Once you set up your LLC in NYC, you’ll need to keep track of a few things each year to keep your LLC active. Most LLCs are pass-through entities, which means the responsibility for paying federal income taxes falls on the LLC owners. Individual LLC owners in New York do not pay state income taxes, but New York assesses an annual filing fee on most single-member LLCs and multi-member LLCs.
The annual fee ranges from $25 to $4,500. The exact amount depends on your income from the LLC. You’ll also need to pay federal and state payroll taxes if you have employees. And if your LLC sells goods to customers in New York, you’ll have to collect and remit sales tax.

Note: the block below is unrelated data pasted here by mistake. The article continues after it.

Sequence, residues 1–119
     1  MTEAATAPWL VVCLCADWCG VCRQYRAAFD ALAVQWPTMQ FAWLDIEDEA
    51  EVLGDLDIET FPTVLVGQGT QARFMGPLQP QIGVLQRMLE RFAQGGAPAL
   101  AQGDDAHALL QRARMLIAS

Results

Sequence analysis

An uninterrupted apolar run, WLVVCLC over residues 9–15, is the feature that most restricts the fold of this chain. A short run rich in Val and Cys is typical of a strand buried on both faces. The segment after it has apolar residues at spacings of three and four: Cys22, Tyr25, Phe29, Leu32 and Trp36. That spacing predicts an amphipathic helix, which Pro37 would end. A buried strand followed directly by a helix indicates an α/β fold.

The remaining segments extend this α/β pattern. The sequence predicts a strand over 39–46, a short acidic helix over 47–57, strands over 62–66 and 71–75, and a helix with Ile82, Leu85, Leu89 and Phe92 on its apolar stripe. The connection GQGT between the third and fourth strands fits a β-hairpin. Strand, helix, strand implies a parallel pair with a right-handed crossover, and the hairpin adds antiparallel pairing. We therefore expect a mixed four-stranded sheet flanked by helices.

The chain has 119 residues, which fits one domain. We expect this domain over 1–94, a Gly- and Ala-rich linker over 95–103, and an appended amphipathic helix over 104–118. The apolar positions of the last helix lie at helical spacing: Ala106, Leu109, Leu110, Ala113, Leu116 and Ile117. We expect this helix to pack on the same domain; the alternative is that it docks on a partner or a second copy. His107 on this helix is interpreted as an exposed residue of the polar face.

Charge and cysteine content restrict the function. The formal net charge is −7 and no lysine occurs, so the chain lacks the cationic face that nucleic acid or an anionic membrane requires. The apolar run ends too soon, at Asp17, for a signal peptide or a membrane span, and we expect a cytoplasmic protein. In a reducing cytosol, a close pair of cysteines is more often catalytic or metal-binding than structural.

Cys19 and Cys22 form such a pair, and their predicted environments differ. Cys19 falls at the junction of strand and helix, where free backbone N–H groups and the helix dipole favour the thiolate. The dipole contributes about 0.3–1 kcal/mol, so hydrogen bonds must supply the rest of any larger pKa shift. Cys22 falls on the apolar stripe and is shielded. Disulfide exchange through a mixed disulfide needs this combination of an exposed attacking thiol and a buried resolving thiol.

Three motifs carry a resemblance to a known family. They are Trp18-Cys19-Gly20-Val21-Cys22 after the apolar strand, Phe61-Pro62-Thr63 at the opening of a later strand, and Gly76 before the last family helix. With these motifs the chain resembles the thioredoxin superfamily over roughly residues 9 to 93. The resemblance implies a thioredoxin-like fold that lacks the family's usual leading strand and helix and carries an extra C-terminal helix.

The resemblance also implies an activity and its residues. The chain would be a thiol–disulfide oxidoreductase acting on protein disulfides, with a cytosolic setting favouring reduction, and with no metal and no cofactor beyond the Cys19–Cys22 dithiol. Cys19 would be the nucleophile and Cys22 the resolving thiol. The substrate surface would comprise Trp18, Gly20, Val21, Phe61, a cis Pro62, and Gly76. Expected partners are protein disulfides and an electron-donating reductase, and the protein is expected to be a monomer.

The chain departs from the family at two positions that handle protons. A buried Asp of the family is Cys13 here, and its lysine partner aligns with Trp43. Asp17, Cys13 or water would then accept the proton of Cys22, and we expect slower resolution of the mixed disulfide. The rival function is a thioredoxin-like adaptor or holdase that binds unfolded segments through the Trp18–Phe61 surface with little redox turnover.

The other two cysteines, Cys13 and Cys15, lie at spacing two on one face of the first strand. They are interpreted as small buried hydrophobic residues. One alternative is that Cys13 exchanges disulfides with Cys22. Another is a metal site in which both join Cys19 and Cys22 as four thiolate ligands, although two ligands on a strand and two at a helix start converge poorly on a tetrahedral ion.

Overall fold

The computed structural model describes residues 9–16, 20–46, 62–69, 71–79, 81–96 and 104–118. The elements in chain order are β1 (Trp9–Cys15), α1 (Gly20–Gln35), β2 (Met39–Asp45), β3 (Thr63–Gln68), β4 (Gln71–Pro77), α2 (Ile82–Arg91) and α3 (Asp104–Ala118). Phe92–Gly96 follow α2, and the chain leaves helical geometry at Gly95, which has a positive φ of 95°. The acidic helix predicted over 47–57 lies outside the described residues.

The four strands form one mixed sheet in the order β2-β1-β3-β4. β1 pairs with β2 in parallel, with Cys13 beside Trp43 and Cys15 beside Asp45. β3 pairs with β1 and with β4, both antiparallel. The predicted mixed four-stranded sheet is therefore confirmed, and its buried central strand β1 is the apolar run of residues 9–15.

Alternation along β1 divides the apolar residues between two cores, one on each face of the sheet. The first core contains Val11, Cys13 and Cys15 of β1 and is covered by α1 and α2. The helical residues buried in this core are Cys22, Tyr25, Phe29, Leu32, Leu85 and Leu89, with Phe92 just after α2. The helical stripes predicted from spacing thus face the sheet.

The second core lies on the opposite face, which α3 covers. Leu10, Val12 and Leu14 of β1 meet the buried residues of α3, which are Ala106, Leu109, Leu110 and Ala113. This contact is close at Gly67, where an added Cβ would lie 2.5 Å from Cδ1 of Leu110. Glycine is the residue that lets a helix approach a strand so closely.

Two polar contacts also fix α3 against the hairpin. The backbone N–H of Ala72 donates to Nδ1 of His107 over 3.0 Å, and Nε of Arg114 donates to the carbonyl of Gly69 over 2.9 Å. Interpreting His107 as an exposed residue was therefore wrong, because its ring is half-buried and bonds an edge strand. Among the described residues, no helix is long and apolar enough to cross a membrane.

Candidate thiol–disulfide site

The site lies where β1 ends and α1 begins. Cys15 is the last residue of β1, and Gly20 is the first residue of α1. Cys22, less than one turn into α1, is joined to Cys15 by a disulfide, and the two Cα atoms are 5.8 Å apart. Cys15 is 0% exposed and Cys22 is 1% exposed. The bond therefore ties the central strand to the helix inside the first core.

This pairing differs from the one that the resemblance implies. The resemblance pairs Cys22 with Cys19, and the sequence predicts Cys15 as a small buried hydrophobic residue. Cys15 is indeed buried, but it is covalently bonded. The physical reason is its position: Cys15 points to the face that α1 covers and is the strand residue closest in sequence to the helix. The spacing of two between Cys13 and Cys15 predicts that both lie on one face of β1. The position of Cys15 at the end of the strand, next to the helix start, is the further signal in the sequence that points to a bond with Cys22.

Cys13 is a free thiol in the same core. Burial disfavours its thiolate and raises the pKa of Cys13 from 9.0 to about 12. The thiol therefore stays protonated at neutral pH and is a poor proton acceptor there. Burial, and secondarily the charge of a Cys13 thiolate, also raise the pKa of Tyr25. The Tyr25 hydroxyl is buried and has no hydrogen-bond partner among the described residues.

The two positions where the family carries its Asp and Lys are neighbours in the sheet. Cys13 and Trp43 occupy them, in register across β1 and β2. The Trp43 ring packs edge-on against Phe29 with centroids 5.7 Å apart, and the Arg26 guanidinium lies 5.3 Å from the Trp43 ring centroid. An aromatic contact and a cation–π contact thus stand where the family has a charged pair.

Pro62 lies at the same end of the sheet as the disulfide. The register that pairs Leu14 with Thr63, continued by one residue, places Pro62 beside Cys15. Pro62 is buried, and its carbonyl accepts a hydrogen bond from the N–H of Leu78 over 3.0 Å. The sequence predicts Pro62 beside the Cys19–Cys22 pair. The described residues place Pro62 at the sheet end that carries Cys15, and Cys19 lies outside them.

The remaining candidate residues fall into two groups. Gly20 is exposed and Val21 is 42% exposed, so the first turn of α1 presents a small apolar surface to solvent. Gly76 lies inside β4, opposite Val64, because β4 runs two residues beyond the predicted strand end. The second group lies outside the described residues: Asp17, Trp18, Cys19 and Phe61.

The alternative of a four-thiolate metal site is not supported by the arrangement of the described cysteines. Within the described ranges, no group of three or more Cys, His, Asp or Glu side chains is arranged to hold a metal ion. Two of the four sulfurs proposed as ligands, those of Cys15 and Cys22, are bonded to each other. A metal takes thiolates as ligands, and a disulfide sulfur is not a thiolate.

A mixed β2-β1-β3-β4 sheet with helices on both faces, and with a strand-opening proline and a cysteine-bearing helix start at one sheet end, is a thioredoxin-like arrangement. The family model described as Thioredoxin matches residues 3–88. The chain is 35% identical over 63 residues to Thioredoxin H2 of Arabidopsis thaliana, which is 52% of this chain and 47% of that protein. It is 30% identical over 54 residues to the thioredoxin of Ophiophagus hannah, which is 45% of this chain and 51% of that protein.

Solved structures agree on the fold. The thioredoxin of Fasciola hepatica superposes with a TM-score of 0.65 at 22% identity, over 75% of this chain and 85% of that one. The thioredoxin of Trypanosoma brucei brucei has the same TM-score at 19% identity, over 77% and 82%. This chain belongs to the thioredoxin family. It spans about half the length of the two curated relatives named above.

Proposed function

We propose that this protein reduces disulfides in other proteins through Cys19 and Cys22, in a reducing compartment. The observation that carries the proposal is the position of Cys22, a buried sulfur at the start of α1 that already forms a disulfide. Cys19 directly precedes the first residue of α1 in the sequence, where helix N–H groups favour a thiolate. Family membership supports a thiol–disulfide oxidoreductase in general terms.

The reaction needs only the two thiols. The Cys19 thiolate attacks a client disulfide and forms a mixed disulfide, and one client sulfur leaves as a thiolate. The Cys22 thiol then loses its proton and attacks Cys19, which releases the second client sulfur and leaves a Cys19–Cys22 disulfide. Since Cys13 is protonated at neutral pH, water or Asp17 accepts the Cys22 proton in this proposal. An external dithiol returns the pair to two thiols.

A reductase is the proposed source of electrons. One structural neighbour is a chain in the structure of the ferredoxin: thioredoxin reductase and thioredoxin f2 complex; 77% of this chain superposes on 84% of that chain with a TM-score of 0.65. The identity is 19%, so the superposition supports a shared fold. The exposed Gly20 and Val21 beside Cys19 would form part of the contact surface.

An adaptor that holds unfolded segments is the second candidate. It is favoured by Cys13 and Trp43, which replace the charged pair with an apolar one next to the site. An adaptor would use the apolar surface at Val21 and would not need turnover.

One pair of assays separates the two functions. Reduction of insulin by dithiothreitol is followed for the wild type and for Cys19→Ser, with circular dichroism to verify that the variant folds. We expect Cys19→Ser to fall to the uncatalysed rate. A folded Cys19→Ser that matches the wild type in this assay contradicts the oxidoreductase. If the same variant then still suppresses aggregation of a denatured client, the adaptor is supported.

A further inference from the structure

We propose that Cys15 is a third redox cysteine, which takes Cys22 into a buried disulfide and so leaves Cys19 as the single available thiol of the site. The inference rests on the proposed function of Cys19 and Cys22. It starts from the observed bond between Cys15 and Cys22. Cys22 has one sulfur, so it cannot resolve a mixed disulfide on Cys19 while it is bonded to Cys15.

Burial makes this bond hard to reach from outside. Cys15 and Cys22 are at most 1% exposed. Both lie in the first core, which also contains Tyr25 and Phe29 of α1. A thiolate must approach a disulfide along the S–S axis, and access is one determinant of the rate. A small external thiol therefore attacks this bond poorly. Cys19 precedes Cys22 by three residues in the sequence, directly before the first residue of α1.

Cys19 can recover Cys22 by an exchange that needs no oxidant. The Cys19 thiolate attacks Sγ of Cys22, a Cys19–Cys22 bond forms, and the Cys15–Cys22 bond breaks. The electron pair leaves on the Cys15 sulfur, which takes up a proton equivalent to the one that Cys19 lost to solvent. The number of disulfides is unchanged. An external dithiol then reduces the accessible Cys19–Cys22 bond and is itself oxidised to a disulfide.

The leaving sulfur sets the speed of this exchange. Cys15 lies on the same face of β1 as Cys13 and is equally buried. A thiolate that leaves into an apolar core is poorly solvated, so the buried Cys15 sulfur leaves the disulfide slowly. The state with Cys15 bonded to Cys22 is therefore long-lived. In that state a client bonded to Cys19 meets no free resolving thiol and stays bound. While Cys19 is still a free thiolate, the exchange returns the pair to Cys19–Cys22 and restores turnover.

Although there are dozens of licensing requirements and other restrictions surrounding starting a business in NYC, setting up an LLC in NYC is pretty simple. The biggest stumbling block is the publication requirement, which can get expensive. With a little planning, though, even this requirement is not overly onerous.
Your steps for how to set up an LLC in NYC:
Creating an LLC in NYC might be the best business decision you make. Don’t let the setup process—and that strange publication requirement—deter you from taking this vital step to protect yourself and your personal assets. Most of the steps are straightforward enough to complete on your own, though you might want to call in an attorney to create your operating agreement. Good luck!